The following adverse reactions have been reported with parenteral vitamin B12:
Hematological: Polycythemia vera.
Gastrointestinal: Mild transient diarrhea.
Dermatological: Itching; transitory exanthema.
Miscellaneous: Feeling of swelling of the entire body.
Drug/Laboratory Test Interactions
Persons taking most antibiotics, methotrexate or pyrimethamine invalidate folic acid and vitamin B12 diagnostic blood assays.
Hypokalemia and sudden death may occur in severe megaloblastic anemia which is treated intensely with vitamin B12. Folic acid is not a substitute for vitamin B12 although it may improve vitamin B12-deficient megaloblastic anemia. Exclusive use of folic acid in treating vitamin B12-deficient megaloblastic anemia could result in progressive and irreversible neurologic damage.
Anaphylactic shock and death have been reported after parenteral vitamin B12 administration. No such reactions have been reported in clinical trials with Nascobal (cyanocobalamin) Nasal Spray or Nascobal (cyanocobalamin) Nasal Gel.
Blunted or impeded therapeutic response to vitamin B12 may be due to such conditions as infection, uremia, drugs having bone marrow suppressant properties such as chloramphenicol, and concurrent iron or folic acid deficiency.
An intradermal test dose of parenteral vitamin B12 is recommended before Nascobal (cyanocobalamin) Nasal Spray is administered to patients suspected of cyanocobalamin sensitivity. Vitamin B12 deficiency that is allowed to progress for longer than three months may produce permanent degenerative lesions of the spinal cord. Doses of folic acid greater than 0.1 mg per day may result in hematologic remission in patients with vitamin B12 deficiency. Neurologic manifestations will not be prevented with folic acid, and if not treated with vitamin B12, irreversible damage will result.
Doses of vitamin B12 exceeding 10 mcg daily may produce hematologic response in patients with folate deficiency. Indiscriminate administration may mask the true diagnosis.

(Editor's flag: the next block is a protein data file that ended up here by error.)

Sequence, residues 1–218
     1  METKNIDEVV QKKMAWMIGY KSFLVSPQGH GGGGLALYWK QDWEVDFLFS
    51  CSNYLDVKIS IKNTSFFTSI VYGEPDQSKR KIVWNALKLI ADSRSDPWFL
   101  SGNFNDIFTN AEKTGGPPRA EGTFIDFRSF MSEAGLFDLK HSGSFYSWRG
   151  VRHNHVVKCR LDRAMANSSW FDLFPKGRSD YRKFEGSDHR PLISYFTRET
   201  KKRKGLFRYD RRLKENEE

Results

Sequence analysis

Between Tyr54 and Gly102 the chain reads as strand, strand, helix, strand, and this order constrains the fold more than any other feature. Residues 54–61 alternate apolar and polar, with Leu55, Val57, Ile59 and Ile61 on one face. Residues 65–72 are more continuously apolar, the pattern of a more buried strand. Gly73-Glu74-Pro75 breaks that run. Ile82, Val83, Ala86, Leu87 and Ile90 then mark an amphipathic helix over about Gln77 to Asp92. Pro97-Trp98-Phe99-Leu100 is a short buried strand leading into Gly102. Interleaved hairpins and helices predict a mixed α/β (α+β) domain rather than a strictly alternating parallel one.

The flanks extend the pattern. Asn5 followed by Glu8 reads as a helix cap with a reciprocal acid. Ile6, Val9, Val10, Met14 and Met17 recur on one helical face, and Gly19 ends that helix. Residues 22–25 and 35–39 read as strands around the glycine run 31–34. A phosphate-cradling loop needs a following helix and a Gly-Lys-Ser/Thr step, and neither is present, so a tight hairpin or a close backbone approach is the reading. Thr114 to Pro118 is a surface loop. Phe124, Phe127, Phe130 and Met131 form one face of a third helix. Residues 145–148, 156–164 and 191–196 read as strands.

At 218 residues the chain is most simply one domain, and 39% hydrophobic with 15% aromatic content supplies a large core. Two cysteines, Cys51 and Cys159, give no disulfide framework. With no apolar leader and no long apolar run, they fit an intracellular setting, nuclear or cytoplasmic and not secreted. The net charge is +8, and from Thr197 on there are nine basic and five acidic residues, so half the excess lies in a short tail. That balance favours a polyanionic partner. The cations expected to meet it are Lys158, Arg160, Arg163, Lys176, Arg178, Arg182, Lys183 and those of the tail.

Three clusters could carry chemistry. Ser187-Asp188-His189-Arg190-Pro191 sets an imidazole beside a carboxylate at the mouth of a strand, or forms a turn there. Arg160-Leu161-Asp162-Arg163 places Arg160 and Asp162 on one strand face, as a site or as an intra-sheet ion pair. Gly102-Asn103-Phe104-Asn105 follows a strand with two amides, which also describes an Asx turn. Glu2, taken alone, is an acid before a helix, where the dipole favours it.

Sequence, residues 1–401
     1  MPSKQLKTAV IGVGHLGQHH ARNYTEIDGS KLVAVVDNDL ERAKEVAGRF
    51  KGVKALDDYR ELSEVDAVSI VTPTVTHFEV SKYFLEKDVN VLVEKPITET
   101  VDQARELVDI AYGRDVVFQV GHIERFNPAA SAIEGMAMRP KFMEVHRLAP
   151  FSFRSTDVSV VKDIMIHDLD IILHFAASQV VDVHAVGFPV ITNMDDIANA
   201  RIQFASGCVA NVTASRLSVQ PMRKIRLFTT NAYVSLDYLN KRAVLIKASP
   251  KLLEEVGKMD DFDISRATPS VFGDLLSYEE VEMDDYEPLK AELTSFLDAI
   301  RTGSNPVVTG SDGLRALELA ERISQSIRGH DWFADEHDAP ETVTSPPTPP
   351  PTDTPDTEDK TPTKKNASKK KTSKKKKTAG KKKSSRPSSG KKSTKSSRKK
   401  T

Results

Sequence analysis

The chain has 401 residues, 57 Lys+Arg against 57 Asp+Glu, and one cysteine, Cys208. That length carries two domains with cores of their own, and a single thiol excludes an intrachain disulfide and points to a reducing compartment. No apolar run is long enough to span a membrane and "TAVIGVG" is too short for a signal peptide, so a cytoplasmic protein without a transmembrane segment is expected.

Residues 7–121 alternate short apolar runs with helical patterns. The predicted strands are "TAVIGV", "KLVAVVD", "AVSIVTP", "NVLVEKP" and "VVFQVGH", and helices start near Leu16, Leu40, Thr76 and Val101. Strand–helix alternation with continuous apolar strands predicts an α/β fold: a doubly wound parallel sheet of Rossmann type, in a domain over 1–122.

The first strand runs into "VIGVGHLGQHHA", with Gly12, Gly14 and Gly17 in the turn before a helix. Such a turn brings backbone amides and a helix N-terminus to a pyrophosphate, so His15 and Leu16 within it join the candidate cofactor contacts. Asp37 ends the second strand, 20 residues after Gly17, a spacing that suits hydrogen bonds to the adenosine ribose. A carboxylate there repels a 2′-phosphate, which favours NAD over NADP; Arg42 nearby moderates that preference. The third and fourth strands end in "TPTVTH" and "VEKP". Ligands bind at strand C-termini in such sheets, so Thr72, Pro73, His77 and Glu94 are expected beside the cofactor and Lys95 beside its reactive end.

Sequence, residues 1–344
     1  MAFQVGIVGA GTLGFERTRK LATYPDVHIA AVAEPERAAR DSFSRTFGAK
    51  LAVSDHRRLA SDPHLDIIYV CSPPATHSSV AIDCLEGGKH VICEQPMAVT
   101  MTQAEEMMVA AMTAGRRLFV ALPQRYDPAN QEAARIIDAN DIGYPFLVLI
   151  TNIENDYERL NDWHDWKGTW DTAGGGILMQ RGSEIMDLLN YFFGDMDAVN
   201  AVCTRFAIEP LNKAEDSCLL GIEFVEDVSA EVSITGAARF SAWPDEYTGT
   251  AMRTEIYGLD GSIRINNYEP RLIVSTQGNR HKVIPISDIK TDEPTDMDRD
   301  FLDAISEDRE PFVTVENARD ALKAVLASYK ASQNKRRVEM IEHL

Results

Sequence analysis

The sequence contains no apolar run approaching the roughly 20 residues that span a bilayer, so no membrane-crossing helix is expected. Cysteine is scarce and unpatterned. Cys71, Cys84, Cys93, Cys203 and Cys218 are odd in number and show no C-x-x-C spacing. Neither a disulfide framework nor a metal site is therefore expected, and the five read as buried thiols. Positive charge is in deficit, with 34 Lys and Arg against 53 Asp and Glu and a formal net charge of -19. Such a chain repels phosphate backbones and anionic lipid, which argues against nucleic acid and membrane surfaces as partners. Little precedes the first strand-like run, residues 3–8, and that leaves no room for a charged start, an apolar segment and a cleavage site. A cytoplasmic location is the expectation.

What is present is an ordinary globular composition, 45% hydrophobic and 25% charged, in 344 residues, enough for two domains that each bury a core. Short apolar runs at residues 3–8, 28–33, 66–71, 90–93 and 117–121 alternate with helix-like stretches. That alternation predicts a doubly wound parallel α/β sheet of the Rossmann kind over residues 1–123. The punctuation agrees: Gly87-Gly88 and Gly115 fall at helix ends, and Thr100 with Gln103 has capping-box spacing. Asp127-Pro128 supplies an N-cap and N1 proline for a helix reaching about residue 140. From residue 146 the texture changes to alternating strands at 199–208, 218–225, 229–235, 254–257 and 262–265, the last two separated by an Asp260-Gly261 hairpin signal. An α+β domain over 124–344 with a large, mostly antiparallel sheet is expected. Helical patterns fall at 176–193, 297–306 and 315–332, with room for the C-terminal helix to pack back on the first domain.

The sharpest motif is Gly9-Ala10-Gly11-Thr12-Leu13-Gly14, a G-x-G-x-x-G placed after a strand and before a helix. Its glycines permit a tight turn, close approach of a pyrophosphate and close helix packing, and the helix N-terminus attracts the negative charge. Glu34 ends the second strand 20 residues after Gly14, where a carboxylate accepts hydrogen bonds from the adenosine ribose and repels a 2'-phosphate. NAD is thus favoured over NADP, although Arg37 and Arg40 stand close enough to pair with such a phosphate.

The validity of diagnostic vitamin B12 or folic acid blood assays could be compromised by medications, and this should be considered before relying on such tests for therapy.
Vitamin B12 is not a substitute for folic acid and since it might improve folic acid deficient megaloblastic anemia, indiscriminate use of vitamin B12 could mask the true diagnosis.
Hypokalemia and thrombocytosis could occur upon conversion of severe megaloblastic to normal erythropoiesis with vitamin B12 therapy. Therefore, serum potassium levels and the platelet count should be monitored carefully during therapy.
Vitamin B12 deficiency may suppress the signs of polycythemia vera. Treatment with vitamin B12 may unmask this condition.
If a patient is not properly maintained with Nascobal® (cyanocobalamin) Nasal Spray, intramuscular vitamin B12 is necessary for adequate treatment of the patient. No single regimen fits all cases, and the status of the patient observed in follow-up is the final criterion for adequacy of therapy.
The effectiveness of Nascobal (cyanocobalamin) Nasal Spray in patients with nasal congestion, allergic rhinitis and upper respiratory infections has not been determined. Therefore, treatment with Nascobal (cyanocobalamin) Nasal Spray should be deferred until symptoms have subsided.
Hematocrit, reticulocyte count, vitamin B12, folate and iron levels should be obtained prior to treatment. If folate levels are low, folic acid should also be administered. All hematologic parameters should be normal when beginning treatment with Nascobal® (cyanocobalamin) Nasal Spray.
Vitamin B12 blood levels and peripheral blood counts must be monitored initially at one month after the start of treatment with Nascobal® (cyanocobalamin) Nasal Spray, and then at intervals of 3 to 6 months.
A decline in the serum levels of B12 after one month of treatment with B12 nasal spray may indicate that the dose may need to be adjusted upward. Patients should be seen one month after each dose adjustment; continued low levels of serum B12 may indicate that the patient is not a candidate for this mode of administration.
Patients with pernicious anemia have about 3 times the incidence of carcinoma of the stomach as in the general population, so appropriate tests for this condition should be carried out when indicated.
Carcinogenesis, Mutagenesis, Impairment Of Fertility
Long-term studies in animals to evaluate carcinogenic potential have not been done. There is no evidence from long-term use in patients with pernicious anemia that vitamin B12 is carcinogenic. Pernicious anemia is associated with an increased incidence of carcinoma of the stomach, but this is believed to be related to the underlying pathology and not to treatment with vitamin B12.